945 419

NA75 (bp)

268 694

291 099

100 235

516 026

351 844

MaGuS metrics

     

An50 (bp)

31 217

32 028

23 164

35 466

33 908

An75 (bp)

11 887

12 052

6 981

14 315

13 113

R 2

0.99

0.98

0.96

0.99

0.96

Fig. 2

Comparison of MaGuS and QUAST quality metrics for the five assemblies. a MaGuS Anx plot. b QUAST NAx plot. c Correlation between Anx and NAx values

Selecting the appropriate bioinformatics tools to perform genome de novo assembly is difficult and often depends on the genome complexity and on the sequencing technology used. The absence of a reference sequence leads automatically to the selection of the assembly that has the highest contiguity with no regards to the quality. In the present case, access to a genome map and its use with MaGuS allowed the BESST assembly to be selected as being the most continuous and also the most collinear to the WGP map.

Arabidopsis genome map-guided scaffolding using MaGuS

We used the five assemblies produced previously to perform map-guided scaffolding through the MaGuS pipeline (Fig. 1c). For each assembly, we first created the map-links (i.e., the links between two adjacent anchored scaffolds) and aligned the MP reads onto the scaffolds to validate the map-links by first determining the scaffolds orientation (if the scaffold was anchored by only one tag) and then by estimating the new gaps size (see Methods). The validated map-links were used to build the final scaffolds (Table 2). Only a fraction of the map-links (21.2 to 49.9 %) was validated by the MP reads. This limitation was clearly due to the MP library size, and a higher fraction of map-links would certainly be validated using larger MP libraries. Although only a fraction of the map-links were used for the scaffolding, the resulting assemblies showed increases in the N50 metrics ranging from 1.13 to 2.24-fold and increases in N75 from 1.23 to 2.43-fold (Table 2). To evaluate the accuracy of this scaffolding approach, we aligned the five assemblies generated by MaGuS onto the Arabidopsis TAIR10 reference genome using QUAST. MaGuS generated 86 % to 97 % correct links for the five assemblies and only a limited number of misassemblies (Table 2). The quality of the scaffolds also was confirmed by elevated NA50 and NA75 values. The number of read pairs that validated a map-link had a very wide distribution, from 1 to over 1000 read pairs (Fig. 3), which showed that MaGuS enabled the scaffolding of both low covered and highly covered regions that corresponded to repetitive regions.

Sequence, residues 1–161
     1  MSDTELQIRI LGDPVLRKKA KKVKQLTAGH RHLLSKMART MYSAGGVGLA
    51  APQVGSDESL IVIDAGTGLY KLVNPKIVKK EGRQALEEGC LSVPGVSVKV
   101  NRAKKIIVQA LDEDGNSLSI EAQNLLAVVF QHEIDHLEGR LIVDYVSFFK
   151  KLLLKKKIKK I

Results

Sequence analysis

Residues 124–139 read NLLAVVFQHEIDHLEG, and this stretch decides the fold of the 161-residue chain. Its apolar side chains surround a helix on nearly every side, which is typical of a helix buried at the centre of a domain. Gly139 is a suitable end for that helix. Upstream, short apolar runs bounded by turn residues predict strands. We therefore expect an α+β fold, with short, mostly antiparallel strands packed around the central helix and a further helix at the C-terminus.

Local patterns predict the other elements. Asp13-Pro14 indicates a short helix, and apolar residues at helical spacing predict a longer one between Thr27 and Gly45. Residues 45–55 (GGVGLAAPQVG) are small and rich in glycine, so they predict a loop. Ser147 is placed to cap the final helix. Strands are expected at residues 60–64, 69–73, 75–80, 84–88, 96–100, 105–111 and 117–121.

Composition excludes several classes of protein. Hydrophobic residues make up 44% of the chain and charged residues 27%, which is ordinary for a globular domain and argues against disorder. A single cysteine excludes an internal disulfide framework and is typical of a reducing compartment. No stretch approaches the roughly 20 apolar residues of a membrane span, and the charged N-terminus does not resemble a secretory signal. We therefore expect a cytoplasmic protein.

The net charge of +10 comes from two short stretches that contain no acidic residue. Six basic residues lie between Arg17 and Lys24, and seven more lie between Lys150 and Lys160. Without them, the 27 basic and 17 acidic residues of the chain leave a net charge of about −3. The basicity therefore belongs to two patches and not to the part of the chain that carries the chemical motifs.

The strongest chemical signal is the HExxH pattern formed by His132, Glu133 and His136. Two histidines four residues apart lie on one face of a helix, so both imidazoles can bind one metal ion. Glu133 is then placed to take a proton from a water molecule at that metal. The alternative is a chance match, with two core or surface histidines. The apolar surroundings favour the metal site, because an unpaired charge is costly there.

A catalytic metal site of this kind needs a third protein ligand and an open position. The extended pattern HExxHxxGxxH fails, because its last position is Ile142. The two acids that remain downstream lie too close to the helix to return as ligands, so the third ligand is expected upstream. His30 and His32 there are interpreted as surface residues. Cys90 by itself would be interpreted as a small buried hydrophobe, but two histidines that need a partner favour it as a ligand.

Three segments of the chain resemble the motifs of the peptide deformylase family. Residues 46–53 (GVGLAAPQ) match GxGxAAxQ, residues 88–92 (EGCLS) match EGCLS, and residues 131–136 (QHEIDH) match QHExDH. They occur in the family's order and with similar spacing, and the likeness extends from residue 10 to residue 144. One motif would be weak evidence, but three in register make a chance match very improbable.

Table 2

Assembly metrics after MaGuS scaffolding for the five assemblies

 

SOAP

SSPACE

SGA

BESST

OPERA-LG

Assembly size (bp)

115 563 956

116 414 299

115 703 449

115 174 685

116 556 828

N50 (bp)

1 350 715

1 680 424

635 106

1 751 177

1 442 963

N50 fold change

1.64

1.74

2.24

1.35

1.13

L50

23

18

47

18

22

N75 (bp)

509 384

646 442

288 240

787 050

695 198

N75 fold change

1.66

1.9

2.43

1.22

1.23

L75

58

48

110

42

51

Number of N's per 100 kb

4 055.34

3 331.14

4 869.38

2 995.68

3 264.70

Largest alignment

5 012 555

7 708 756

3 361 051

6 902 343

5 597 743

NA50

1 187 620

1 455 792

579 394

1 407 579

1 258 868

NA50 fold change

1.57

1.57

2.1

1.16

1.18

NA75

354 088

508 625

215 751

609 320

560 902

NA75 fold change

1.32

1.75

2.15

1.18

1.59

Total misassemblies

23

19

19

36

62

Magus misassemblies

14

10

16

13

5

Number of map-links

534

481

1 034

371

368

Number of MP-validated links

209 (39.14 %)

214 (44.49 %)

516 (49.9 %)

93 (25.07 %)

78 (21.2 %)

Number of correct MP-validated links

195 (36.51 %)

204 (42.41 %)

500 (48.53 %)

80 (21.56 %)

73 (19.83 %)

False positive rate

6.7

4.7

3.1

14

6.4

Fig. 3

Distribution of the number of mate-pairs that validates map-links for the five assemblies

Effect of genome map errors on the MaGuS performance